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Friday, December 09, 2022

People Convicted of Hate Crimes in NY Must Receive Training on Hate Crimes

what you should Know

  • Two new laws signed Tuesday by New York’s governor aim to prevent hate crimes, promote tolerance and protect New Yorkers.
  • The first part of the law requires that people convicted of hate crimes receive mandatory training or counseling in hate crime prevention and education, among other penalties.
  • The second law establishes a state campaign for the acceptance, inclusion, tolerance and understanding of diversity, including diversity on the basis of religion, race, colour, creed, gender, ethnicity, national origin, age, disability, orientation sexuality, but It is not limited to this. gender identity or expression.

NEW YORK — Two new laws signed Tuesday by New York’s governor aim to prevent hate crimes, promote tolerance and protect New Yorkers.

These measures support hate crime education and prevention efforts and build on the Administration’s efforts to increase funding to protect hate crime targets and increase surveillance and protection of at-risk communities.

The first part of the law requires that people convicted of hate crimes receive mandatory training or counseling in hate crime prevention and education, among other penalties.

The second law establishes a state campaign for the acceptance, inclusion, tolerance and understanding of diversity, including diversity on the basis of religion, race, colour, creed, gender, ethnicity, national origin, age, disability, orientation sexuality, but It is not limited to this. gender identity or expression.

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Democrats encouraged community organizations to apply for $50 million in available funds to strengthen safeguards and protect against hate crimes, and extended the deadline for applications.

“Our hearts are broken after a weekend during which LGBTQ Americans were slaughtered and Jewish New Yorkers were targeted in horrific acts of hate violence,” Governor Hochul said. “New York belongs to the good, not those with hate in their hearts – we are taking bold steps to take back our city and state from the haters, bigots and white supremacists. Domestic violent extremism is a threat to the security of our homeland. is the greatest threat to America and that’s why we continue to focus on fighting hate and keeping New Yorkers safe.”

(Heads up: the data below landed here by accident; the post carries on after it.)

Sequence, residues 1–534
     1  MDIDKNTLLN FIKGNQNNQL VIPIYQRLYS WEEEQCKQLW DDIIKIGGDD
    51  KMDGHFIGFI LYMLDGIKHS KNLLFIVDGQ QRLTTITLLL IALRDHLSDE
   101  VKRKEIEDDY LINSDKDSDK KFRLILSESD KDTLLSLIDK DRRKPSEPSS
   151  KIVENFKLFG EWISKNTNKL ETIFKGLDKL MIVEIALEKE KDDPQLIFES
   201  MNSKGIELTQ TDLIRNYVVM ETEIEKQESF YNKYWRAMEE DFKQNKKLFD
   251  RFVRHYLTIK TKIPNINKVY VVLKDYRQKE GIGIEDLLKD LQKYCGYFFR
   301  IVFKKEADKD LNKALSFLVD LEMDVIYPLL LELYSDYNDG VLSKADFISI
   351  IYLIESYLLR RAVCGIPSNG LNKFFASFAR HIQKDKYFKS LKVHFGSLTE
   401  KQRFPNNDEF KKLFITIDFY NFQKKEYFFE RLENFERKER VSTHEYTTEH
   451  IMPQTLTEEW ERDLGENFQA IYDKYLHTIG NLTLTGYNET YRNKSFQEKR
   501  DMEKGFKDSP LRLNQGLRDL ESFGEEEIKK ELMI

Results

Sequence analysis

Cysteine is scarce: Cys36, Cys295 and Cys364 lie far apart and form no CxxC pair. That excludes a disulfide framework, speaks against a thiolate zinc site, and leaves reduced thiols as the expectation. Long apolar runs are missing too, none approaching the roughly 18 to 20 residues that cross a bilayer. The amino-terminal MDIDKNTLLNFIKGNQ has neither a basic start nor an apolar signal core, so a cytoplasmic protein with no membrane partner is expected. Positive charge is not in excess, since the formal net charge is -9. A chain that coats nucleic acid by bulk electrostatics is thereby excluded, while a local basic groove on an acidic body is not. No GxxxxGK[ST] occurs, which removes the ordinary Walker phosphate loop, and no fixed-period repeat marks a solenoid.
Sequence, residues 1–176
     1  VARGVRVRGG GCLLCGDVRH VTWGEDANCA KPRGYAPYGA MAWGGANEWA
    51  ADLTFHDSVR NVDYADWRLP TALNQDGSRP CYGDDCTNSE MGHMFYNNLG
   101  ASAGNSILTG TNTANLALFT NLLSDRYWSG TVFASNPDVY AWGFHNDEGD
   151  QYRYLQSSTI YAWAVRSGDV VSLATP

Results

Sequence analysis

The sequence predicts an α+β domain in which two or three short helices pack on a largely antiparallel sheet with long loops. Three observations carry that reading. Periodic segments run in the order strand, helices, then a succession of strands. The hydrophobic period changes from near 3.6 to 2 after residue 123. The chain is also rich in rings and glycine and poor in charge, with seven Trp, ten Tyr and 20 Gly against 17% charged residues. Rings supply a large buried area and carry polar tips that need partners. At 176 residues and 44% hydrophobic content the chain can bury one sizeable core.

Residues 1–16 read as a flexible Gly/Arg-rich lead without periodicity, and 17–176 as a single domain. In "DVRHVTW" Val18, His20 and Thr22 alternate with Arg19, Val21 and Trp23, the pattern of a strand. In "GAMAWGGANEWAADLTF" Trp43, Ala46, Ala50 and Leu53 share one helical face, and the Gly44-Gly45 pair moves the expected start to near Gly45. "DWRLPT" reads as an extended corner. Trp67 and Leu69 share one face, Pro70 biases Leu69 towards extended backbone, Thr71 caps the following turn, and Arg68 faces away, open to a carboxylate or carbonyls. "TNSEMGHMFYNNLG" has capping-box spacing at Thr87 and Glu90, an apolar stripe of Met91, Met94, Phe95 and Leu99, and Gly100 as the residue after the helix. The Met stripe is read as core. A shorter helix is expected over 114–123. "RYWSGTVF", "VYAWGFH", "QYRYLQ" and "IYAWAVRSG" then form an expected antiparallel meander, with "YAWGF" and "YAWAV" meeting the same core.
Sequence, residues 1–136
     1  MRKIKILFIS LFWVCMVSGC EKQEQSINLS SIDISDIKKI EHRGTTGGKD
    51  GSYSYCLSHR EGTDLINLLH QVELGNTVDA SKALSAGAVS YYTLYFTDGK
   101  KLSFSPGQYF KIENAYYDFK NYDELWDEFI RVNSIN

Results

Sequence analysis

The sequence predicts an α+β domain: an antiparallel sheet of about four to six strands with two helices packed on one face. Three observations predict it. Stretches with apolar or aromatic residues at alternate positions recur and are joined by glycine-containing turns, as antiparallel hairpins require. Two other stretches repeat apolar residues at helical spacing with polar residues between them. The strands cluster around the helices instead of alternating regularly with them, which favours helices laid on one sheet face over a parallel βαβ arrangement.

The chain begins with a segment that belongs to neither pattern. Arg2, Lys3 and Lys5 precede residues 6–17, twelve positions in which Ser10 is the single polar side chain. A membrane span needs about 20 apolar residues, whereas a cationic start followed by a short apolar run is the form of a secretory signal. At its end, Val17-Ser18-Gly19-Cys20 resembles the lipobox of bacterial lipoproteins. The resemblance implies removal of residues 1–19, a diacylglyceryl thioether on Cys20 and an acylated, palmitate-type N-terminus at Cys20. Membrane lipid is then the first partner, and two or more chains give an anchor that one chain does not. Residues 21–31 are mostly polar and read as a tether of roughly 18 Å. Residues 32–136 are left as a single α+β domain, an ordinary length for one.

Both laws promote educational initiatives, which serve as important tools to promote tolerance and acceptance and in turn help keep communities safe from acts of hate and violence.

Legislation (S.6570/A.1202) amends criminal law to provide that, among other penalties, persons convicted of hate crimes receive mandatory training in hate crime prevention and education as part of their sentence should do. Programs, training sessions, or counseling sessions must be authorized by the court or local agencies in collaboration with organizations serving the affected community.

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The legislation (S.123A/A.5913A) amends executive law to establish and enforce a statewide campaign for acceptance, inclusion, tolerance and understanding of diversity. The campaign, which will be developed and implemented by the Human Rights Division, will coordinate and collaborate with public and private organizations, including, but not limited to, local governments, community groups, school districts, places of worship, charities and foundations . Develop educational material to be published on the Internet, social networks and other platforms to reach the public.

These legislative efforts build on $246 million in federal funding that the governor announced in October for homeland security, counterterrorism, and New York emergency preparedness efforts, as well as $96 million in state funding. Community organizations are at risk of attacks and hate crimes.

The governor ramped up his police presence in “communities at risk of hate crimes” over the weekend following a fatal shooting at an LGBTQ+ nightclub in Colorado. Additionally, the Joint Terrorism Task Force of the MTA Police, State Police, NYPD, and FBI cooperated to arrest two gunmen at Pennsylvania Station in Manhattan who were suspected of traveling the city with plans of violence against the Jewish community. There is an allegation.

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